Article 262 provides that Parliament may by law provide for the adjudication of any dispute or complaint with respect to the use, distribution or control of the waters of, or in, any inter-State river or river valley. The jurisdiction of the Courts in respect of any dispute or complaint referred to in Article 262(1), can be barred by Parliament by making law. The Inter-State Water Disputes Act, 1956 was enacted by Parliament in exercise of power under Article 262 of the Constitution. Section 11 of the said Act excludes the jurisdiction of Supreme Court in respect of a water dispute referred to the Tribunal. Section 2(c) of this Act defines 'water dispute'. It, inter alia, means a dispute as to the use, distribution or control of the waters of, or as to the interpretation or implementation of agreement of such waters.

In the present case, however, the dispute is not the one contemplated by Section 2(c) of the Act. Dispute between Tamil Nadu and Kerala is not a 'water dispute'. The right of Tamil Nadu to divert water from Peryar reservoir to Tamil Nadu for integrated purpose of irrigation or to use the water to generate power or for other uses is not in dispute. The dispute is also not about the lease granted to Tamil Nadu in the year 1886 or about supplementary agreements of 1970. It is also not in dispute that the dam always had and still stands at the height of 155 ft. and its design of full water level is 152 ft. There was also no dispute as to the water level till the year 1979. In 1979, the water level was brought down to 136 ft. to facilitate State of Tamil Nadu to carryout certain strengthening measures suggested by Central Water Commission (CWC). The main issue now is about the safety of the dam on increase of the water level to 142 ft. For determining this issue, neither Article 262 of the Constitution of India nor the provisions of the Inter-State Water Dispute Act, 1956 have any applicability. There is no substance in the contention that Article 262 read with Section 11 of the Inter-State Water Disputes Act bars the jurisdiction of the court in regard to nature of disputes between the two States.

3. RE : Whether Article 363 of the Constitution bars the jurisdiction of this Court?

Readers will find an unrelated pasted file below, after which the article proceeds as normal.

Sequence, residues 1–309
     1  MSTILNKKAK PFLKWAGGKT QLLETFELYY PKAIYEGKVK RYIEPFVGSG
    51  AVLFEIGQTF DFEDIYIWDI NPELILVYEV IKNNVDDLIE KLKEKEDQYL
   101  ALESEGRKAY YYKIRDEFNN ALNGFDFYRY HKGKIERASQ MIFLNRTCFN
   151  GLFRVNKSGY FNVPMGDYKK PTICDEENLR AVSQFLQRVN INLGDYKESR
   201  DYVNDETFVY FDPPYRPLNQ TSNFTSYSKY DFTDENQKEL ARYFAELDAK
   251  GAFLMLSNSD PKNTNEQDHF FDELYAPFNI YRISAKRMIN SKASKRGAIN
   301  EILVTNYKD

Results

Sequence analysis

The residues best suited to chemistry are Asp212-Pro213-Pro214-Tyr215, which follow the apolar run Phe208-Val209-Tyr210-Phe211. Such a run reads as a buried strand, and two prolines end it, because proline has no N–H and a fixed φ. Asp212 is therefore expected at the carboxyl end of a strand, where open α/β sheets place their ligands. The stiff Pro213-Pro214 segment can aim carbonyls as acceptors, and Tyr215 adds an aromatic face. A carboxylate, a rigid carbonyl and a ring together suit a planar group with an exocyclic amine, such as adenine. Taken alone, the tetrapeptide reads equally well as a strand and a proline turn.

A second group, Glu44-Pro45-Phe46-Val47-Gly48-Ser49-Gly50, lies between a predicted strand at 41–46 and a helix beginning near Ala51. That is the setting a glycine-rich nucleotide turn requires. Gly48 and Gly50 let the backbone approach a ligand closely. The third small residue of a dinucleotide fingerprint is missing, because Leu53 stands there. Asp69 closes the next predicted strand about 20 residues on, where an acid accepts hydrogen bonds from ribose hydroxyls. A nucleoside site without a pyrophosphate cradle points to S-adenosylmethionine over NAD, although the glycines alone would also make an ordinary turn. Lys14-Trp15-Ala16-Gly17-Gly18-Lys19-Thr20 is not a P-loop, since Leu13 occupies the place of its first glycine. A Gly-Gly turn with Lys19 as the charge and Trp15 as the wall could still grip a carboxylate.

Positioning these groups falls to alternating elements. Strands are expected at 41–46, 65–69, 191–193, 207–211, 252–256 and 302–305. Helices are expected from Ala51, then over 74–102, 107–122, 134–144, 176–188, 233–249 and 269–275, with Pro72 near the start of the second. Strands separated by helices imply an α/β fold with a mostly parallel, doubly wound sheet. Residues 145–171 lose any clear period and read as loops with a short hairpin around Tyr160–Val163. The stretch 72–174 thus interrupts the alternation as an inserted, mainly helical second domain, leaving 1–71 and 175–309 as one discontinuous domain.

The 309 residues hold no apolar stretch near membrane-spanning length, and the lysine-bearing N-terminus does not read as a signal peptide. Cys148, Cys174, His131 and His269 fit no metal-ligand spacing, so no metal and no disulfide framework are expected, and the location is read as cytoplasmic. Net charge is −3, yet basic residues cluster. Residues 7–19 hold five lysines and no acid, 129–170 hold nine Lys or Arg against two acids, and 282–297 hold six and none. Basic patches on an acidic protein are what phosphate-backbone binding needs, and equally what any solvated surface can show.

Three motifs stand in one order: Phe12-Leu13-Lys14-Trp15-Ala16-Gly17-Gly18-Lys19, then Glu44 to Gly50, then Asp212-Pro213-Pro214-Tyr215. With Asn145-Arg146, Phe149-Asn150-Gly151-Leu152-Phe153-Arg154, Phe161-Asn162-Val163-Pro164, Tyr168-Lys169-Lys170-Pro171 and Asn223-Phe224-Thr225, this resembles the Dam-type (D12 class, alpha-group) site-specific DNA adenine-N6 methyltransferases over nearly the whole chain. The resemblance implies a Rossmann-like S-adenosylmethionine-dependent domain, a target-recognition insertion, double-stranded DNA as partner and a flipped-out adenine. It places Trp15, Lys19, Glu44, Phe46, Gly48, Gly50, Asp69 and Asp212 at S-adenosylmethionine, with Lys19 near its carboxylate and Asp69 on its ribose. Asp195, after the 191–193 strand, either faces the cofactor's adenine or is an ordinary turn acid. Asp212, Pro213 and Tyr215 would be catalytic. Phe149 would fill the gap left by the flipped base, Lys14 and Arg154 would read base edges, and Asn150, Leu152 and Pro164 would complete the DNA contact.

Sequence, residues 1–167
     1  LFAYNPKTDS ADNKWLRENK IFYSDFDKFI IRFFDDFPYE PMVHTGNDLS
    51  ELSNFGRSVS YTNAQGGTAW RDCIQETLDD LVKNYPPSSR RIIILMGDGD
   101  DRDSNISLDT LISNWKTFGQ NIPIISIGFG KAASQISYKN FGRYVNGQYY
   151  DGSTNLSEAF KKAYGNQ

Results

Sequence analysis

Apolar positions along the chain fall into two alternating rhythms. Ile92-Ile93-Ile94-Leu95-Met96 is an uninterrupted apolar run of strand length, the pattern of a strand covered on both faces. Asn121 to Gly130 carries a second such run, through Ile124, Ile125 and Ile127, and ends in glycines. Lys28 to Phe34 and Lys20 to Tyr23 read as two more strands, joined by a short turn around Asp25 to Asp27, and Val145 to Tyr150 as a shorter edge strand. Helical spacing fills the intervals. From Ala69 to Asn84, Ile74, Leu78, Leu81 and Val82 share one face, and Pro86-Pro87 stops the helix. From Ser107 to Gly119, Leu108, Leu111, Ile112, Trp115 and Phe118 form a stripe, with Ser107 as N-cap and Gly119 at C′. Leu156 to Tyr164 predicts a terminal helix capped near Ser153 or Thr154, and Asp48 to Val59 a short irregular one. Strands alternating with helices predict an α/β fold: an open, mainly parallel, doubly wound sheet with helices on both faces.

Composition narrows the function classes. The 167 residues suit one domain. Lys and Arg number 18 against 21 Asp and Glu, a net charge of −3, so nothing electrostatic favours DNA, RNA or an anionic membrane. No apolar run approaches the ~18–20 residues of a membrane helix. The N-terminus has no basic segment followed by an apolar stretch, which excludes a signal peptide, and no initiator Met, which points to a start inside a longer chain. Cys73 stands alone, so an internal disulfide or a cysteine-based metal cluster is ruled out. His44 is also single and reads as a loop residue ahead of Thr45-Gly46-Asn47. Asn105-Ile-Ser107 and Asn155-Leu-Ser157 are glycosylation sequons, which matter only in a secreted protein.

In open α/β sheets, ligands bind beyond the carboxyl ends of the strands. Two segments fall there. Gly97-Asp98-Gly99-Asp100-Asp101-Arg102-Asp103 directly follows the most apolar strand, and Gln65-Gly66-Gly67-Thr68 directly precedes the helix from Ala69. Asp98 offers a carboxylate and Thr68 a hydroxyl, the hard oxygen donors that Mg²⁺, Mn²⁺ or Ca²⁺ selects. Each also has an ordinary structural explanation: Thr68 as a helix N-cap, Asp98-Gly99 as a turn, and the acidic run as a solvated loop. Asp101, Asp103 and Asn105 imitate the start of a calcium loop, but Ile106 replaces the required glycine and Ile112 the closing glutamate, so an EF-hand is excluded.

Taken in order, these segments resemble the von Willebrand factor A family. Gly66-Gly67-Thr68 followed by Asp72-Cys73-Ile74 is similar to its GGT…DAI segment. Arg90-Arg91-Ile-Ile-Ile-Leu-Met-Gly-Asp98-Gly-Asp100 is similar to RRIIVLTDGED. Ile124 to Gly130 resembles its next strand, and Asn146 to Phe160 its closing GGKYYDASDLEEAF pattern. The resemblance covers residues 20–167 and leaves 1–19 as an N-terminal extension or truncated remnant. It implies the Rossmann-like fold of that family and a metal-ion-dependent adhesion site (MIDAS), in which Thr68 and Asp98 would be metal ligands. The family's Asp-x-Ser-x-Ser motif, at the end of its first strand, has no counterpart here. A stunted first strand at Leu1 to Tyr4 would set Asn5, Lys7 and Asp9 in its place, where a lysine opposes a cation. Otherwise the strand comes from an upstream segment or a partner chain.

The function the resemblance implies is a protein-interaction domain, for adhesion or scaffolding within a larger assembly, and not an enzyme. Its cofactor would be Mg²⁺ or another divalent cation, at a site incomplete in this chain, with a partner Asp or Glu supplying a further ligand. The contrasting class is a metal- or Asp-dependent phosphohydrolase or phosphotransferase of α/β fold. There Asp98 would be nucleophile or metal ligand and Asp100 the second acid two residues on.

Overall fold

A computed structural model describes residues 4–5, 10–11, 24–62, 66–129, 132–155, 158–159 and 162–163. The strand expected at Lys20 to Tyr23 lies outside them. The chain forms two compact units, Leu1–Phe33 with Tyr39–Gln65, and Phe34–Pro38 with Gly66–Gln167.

The jurisdiction of the courts in respect of dispute arising out of any provision of a treaty, agreement, covenant, engagement, sanad or other similar instrument entered into or executed before the commencement of the Constitution is barred in respect of matters and in the manner provided in Article 363 of the Constitution of India. The main reason for ouster of jurisdiction of courts as provided in Article 363 was to make certain class of agreements non-justiciable and to prevent the Indian Rulers from resiling from such agreements because that would have affected the integrity of India. The agreement of the present nature would not come within the purview of Article 363. This Article has no applicability to ordinary agreements such as lease agreements, agreements for use of land and water, construction works. These are wholly non-political in nature. The present dispute is not in respect of a right accruing or a liability or obligation arising under any provision of the Constitution {see Madhav Rao Scindia v. Union of India [(1971) 3 SCR 9]} The contention also runs counter to Section 108 of the States Reorganisation Act, which expressly continues the agreement. There is, thus, no merit in this objection as well.

4. RE : Whether disputes are liable to be referred to Arbitration?

It is contended that the lease deed dated 29th October, 1886 provides that whenever any dispute or question arises between the Lessor and the Lessee touching upon the rights, duties or liabilities of either party, it shall be referred to two arbitrators and then to an umpire if they differ. This clause was amended in supplementary agreement dated 29th May, 1970. Relying on the arbitration agreement, the contention urged on behalf of State of Kerala is that the parties should be directed to resort to alternate remedy of arbitration and discretionary relief in these petitions may not be granted to State of Tamil Nadu. There is no substance in this contention as well. The present dispute is not about the rights, duties and obligations or interpretation of any part of the agreement. As already noted, the controversy herein is whether the water level in the reservoir can presently be increased to 142 ft. having regard to the safety of the dam. The full water level was 152 ft. It was reduced to 136 ft. in 1979. The aspect of increase of water level is dependant upon the safety of the dam after strengthening steps have been taken. This aspect has been examined by experts.